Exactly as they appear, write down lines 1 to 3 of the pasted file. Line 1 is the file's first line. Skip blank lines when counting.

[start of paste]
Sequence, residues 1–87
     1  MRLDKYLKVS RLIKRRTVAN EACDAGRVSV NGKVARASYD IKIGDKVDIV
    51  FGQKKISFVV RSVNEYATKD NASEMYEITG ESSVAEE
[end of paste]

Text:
Sequence, residues 1–87
     1  MRLDKYLKVS RLIKRRTVAN EACDAGRVSV NGKVARASYD IKIGDKVDIV
    51  FGQKKISFVV RSVNEYATKD NASEMYEITG ESSVAEE